What's Your Problem?

Amulya

Moderator
For me it was always the same thing: the undercutting by other dancers. It's a worldwide problem.
(I have been dancing for a long time and I saw prices drop badly. Even hens'/corporate/party etc workshops got undercut that now they don't earn much anymore)
 

Zumarrad

Member
Arseholes. Oops, did I say that out loud?

Er, fractured relations between dance groups. OK and also, a badly damaged city infrastructure with few venues for events and classes, and a community of people who just don't always have the money or energy to dance any more.
 

Mosaic

Super Moderator
Not enough interested people in my area to keep classes running. Everyone u7nder 50 is more interested in Zumba or other dance fitness type of exercise:( It may be a fad and BD will make a comeback in a couple of years, hope so)
~Mosaic
 

Dunyah

New member
We are pretty fortunate in our area. We have the Middle Eastern Dance Guild which for more than twenty years has been producing a monthly show and two big events each year with great workshop instructors. This year we are doing some guild outreach to the surrounding dance communities in towns nearby. The first inter-guild hafla is being planned for August.

Classes may not be large but there are several excellent instructors who teach regularly.

The one thing we don't have is a venue for professional dancers. There are the occasional private parties and events but not enough to really sustain someone in a career as a dancer.

There are plenty of decent shows and opportunities to perform at festivals, but none of them pay very much.

It is difficult for a single dancer to compete with the Guild, as revenue from the monthly shows supports the bigger events and helps keep the prices low to Guild members. I gave up trying to produce my own events years ago. But I am happy participating with the Guild.

There was some unpleasantness a few years ago from the fusion community, because of Guild emphasis on Middle Eastern music and dance. After that they started their own fusion group and produce shows regularly. I hear through the grapevine that there are some sour grapes in that community, but nothing big or impactful, and I am so glad they have their own venue, so our shows can stay as they have always been, with mostly Middle Eastern music and recognizable belly dancing. The fusion group is included in our Guild outreach efforts and they are invited to perform in our yearly Festival and Alternative Night.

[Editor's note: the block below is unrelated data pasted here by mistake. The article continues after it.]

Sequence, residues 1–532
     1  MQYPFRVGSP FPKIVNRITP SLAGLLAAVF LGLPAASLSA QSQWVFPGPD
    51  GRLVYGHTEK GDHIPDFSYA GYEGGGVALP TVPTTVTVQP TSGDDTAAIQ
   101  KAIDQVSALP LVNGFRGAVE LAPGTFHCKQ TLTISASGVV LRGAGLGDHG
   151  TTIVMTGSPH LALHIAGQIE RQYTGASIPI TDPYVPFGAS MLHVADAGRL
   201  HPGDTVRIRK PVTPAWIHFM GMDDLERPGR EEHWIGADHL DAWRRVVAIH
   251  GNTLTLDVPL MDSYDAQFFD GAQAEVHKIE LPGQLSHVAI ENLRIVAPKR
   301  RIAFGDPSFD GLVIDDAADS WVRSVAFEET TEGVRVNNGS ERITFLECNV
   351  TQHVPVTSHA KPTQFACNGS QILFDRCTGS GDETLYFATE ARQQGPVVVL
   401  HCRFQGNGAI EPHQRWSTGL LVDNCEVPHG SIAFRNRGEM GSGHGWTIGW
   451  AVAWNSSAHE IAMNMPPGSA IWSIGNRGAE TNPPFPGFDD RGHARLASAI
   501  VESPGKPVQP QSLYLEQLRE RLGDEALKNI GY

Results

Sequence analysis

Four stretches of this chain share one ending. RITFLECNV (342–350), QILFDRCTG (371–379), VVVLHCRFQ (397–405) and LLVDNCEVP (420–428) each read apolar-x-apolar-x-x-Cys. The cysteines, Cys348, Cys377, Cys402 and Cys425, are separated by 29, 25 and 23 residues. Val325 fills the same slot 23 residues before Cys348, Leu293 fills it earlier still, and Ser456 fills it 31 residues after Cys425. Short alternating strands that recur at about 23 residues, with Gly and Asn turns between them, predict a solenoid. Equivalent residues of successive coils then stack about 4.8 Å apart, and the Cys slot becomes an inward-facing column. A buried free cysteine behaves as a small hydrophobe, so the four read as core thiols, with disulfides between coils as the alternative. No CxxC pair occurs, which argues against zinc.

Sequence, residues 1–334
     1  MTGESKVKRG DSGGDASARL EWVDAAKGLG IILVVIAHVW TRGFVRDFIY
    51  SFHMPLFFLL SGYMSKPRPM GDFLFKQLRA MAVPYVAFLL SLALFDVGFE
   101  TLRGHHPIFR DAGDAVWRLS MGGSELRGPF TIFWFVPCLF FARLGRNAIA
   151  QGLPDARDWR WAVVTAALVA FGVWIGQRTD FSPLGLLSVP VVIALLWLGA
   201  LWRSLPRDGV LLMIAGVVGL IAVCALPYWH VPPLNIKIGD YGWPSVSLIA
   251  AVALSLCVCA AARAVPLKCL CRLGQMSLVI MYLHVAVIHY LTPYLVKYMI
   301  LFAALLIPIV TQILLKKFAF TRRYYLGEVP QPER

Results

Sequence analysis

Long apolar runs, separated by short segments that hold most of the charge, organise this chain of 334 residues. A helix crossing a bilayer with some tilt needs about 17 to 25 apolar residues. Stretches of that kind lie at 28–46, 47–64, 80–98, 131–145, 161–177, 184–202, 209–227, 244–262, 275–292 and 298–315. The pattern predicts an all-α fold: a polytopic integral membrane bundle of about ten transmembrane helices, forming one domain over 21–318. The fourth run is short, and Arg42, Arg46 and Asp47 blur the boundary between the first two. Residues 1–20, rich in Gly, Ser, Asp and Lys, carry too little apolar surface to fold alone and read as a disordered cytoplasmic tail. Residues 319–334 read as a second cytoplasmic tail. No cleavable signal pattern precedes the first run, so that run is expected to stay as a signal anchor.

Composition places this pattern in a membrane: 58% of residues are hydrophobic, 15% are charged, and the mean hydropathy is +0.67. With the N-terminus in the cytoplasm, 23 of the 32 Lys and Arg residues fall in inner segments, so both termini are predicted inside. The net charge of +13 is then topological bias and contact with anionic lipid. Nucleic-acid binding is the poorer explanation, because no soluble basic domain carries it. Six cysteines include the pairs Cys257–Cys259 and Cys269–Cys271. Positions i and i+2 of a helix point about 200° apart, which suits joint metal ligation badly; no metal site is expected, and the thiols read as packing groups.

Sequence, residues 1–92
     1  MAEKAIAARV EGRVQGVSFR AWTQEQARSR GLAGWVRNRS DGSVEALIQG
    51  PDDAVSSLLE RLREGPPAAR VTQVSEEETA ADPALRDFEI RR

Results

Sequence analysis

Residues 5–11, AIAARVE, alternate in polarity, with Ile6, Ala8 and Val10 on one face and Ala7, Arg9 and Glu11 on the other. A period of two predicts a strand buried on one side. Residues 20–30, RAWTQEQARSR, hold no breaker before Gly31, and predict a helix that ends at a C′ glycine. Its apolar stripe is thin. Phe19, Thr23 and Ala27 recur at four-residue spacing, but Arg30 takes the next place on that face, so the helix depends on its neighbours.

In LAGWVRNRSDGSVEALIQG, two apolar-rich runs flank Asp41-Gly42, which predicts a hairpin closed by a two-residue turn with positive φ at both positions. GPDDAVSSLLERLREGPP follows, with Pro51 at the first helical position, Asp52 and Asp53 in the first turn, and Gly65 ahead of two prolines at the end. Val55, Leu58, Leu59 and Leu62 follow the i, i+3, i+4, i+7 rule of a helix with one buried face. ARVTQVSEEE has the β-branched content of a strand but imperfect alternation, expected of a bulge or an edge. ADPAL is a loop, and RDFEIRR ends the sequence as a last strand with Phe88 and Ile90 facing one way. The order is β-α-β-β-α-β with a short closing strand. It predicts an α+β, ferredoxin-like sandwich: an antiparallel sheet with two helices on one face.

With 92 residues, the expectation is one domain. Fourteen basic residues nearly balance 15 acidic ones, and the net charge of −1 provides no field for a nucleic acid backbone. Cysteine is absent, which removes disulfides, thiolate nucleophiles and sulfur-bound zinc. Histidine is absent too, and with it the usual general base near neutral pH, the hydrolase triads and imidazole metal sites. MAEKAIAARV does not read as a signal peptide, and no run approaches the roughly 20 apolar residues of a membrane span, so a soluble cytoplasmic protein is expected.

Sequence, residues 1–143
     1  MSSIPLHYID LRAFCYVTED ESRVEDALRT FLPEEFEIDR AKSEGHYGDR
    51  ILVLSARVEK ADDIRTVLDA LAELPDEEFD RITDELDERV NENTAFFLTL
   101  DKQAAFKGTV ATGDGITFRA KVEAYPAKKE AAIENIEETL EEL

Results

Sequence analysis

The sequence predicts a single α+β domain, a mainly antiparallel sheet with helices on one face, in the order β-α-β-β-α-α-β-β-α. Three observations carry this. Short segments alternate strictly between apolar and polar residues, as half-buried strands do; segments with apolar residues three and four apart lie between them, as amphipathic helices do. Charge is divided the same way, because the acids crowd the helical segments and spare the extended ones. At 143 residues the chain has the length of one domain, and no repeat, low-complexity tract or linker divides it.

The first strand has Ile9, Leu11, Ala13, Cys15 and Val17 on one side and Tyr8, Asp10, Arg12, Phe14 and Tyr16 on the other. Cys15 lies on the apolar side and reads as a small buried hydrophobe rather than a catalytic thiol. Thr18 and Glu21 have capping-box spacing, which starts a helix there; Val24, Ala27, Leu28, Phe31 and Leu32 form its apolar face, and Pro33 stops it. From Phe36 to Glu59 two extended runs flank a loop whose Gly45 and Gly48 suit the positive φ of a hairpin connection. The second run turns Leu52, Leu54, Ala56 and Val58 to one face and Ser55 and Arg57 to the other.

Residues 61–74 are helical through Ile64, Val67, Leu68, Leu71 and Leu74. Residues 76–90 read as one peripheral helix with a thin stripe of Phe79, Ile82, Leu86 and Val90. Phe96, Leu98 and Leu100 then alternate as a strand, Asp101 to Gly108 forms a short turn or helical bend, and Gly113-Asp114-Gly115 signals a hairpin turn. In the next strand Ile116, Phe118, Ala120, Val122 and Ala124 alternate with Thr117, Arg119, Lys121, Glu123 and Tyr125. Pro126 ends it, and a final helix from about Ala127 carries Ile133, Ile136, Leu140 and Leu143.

So I am pretty happy here, since being a restaurant dancer was never a goal of mine and I'm too old for that kind of venue now anyway. I wish there was a place like that here, I would definitely support it.
 
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tigerb

New member
I think one of our biggest local problems is the lack of a solid M.E. music band. If we had one, everybody would want to dance with them, and they would be a focal point for the community. Instead the local ME-ish bands play a lot of other kinds of music and seldom have events that feature dancers, and there's also the "drummer's girlfriend" problem, where the featured dancer is not exactly the best dancer in town.

(Sorry if I sound whiny!)
 

Kashmir

New member
As a dancer - lack of classes/teachers in areas I'm interested in. Ditto live dance to watch.

As a teacher - lack of students - in part due to the state of the city but made worse by students "teaching" classes at very low prices (yes, I know you get what you pay for - but many of their students may have otherwise gone to a more legitimate class and may have even stayed on instead they've "done" belly dance - and there isn't much to it - and now they are doing something else)
 

DancingArabian

New member
The lack of community is the biggest problem for me. Near me is my teacher and her students but that's it. The nearest local dance community is an hours drive away from me. The distance makes it difficult to try to make myself a part of the community.
 

walladah

New member
All the above! non-collegial professional conduct, no respect for trade union's decisions about working conditions, not enough decent venues to perform (bad-reputation night clubs do not count), no community-mentality, no interest in ethnography/anthropological research on the dance which is traditional in the area, no interest in improving skills (just to say "i attended that workshop" and that makes you better by just saying it), no interest in forming equitable groups of dancer, like dance troupes etc. The most difficult thing to do under those conditions is to be involved in team projects. It is almost impossible unless you want to be bossy yourself, or to be... bossed in the worst manner possible.
 

AndreaSTL

New member
Just me, I am my own worst enemy.
Bah! Surely there is someone you can hate on :shok: :lol:

It's both comforting and disheartening that worldwide we have the same issues. Locally there are the following problems:
-Finding a teaching venue. There are plenty if I want to start my class at 9:00 PM or want to be paid $10/hour, though.